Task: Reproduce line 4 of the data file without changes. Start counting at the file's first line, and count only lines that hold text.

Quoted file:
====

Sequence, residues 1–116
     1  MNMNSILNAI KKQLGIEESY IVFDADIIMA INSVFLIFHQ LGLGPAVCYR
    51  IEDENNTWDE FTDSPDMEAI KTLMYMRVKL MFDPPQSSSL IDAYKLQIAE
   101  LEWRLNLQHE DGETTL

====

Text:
   101  LEWRLNLQHE DGETTL